Recently I was having a cup of tea with one of my clients and friend, Jean, who is 80 years old. She and I share Welsh heritage and a love of traveling in Wales. I mentioned that I am planning a walking trip up the coast of Wales when I graduate from MAIS in 2016. She became very excited, and I said: “you should come with me!” She brightened and then immediately deflated, saying “I’ll be 82 then . . .” and didn’t finish her sentence. Her husband of over 50 years sitting in the adjacent room has moderate dementia and she is his 24/7 caregiver. Jean’s own life went on hold five years ago and meanwhile the passing years and her increasing age are diminishing the possibility of carrying out postponed dreams.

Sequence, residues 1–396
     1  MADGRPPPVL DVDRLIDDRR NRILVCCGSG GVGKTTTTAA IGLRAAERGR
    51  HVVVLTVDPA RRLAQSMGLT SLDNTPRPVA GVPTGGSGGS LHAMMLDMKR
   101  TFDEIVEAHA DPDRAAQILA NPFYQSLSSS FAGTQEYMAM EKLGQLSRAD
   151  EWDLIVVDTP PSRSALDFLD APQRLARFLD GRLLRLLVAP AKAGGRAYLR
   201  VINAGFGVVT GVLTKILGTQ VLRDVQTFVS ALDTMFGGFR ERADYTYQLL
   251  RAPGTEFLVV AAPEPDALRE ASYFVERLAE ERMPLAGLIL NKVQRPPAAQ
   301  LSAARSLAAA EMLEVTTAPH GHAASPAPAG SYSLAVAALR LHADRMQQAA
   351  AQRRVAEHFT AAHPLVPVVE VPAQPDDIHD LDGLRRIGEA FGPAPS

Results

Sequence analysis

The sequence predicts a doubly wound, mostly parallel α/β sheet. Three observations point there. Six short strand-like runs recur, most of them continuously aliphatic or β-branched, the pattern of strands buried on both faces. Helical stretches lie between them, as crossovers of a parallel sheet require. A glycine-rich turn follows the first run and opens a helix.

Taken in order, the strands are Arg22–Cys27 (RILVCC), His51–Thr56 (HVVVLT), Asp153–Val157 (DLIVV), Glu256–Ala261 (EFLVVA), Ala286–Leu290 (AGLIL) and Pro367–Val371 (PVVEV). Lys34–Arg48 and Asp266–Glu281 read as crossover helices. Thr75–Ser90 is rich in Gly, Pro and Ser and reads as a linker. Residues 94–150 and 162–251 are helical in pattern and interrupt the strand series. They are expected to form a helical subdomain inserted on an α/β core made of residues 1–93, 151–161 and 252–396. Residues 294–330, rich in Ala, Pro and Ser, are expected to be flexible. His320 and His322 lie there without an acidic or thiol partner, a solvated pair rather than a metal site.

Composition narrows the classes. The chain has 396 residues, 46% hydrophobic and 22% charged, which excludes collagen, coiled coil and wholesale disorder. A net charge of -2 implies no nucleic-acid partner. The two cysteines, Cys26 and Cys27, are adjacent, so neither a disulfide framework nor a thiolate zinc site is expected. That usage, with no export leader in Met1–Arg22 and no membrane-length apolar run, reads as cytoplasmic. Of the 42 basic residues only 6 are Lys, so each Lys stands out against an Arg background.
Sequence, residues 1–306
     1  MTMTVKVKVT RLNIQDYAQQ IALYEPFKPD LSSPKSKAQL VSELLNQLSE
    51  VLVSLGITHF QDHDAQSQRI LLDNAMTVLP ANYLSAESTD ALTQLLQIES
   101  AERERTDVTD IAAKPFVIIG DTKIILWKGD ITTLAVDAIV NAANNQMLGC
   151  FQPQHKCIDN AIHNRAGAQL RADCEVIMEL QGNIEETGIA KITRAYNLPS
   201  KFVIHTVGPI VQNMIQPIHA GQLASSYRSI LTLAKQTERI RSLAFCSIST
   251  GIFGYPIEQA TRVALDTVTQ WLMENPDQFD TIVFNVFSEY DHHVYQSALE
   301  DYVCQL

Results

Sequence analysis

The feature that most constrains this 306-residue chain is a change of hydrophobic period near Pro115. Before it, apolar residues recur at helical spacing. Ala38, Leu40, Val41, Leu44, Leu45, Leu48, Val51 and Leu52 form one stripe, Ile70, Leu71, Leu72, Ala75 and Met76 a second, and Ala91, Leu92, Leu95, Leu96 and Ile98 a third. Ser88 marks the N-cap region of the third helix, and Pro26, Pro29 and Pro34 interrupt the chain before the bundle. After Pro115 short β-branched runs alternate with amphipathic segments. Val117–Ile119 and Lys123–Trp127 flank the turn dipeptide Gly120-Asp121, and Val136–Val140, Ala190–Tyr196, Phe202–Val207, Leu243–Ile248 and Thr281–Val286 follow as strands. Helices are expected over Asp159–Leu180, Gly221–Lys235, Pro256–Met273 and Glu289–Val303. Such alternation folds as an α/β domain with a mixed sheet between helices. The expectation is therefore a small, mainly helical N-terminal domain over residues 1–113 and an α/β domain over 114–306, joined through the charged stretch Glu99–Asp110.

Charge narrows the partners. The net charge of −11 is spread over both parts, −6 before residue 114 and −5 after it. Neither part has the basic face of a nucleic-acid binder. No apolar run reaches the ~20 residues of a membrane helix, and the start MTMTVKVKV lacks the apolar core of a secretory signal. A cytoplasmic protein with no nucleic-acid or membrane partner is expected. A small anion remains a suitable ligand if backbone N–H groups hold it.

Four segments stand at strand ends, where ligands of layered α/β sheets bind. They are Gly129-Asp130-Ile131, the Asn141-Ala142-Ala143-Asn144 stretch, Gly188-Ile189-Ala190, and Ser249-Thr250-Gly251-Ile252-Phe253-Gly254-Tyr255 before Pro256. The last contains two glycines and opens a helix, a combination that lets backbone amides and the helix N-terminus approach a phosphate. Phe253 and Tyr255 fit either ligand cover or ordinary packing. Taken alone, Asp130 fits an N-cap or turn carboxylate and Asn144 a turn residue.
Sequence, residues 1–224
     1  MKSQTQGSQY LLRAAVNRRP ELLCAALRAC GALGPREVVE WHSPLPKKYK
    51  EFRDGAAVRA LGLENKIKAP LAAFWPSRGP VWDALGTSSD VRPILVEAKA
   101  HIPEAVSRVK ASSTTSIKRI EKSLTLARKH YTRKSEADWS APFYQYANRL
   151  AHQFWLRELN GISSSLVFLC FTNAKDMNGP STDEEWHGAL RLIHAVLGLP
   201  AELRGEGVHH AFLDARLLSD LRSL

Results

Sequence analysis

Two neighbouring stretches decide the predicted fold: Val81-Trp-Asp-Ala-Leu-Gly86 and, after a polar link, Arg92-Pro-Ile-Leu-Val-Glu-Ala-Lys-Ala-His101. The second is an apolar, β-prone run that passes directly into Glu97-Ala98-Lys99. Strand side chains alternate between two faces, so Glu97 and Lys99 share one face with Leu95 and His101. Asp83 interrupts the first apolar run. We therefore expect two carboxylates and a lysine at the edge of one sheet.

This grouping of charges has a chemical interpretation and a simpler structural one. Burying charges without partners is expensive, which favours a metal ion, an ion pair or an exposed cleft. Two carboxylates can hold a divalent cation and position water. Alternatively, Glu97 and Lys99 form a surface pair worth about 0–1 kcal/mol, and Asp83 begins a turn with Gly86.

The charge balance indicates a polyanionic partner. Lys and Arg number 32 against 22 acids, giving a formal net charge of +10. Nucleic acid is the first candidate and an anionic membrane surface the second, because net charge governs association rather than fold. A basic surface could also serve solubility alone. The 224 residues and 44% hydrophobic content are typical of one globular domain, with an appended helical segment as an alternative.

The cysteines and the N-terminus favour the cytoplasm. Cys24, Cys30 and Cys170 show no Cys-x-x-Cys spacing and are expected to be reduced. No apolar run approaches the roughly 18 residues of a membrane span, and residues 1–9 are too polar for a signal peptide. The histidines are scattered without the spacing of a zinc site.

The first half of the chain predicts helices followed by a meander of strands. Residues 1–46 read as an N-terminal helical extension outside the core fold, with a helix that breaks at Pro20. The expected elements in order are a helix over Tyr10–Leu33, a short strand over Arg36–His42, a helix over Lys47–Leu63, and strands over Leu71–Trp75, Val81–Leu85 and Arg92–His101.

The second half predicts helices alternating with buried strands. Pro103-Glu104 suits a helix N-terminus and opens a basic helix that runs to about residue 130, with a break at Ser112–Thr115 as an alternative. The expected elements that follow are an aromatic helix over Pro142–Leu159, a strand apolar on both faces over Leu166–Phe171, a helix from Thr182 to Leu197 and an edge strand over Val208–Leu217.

My own experience resulted in the irreversible loss of some of my dreams and physical abilities. I am not the same person I was when I jumped into the torrent known as 24/7 caregiving eleven years ago. No matter how hard I try, I can’t catch up and I can’t reverse the invisible cost of caregiving. But, today I cleaned up messes – piles of papers covered in dust. The piles have waited for me for years, some since March 2003.
And I just cleaned eleven years of dust off my bicycle . . . and started riding and training horses again. I may not be able to turn back the clock, but I can create new dreams.
If faced with the same situation, would I be my parents’ 24/7 caregiver again? In a heartbeat.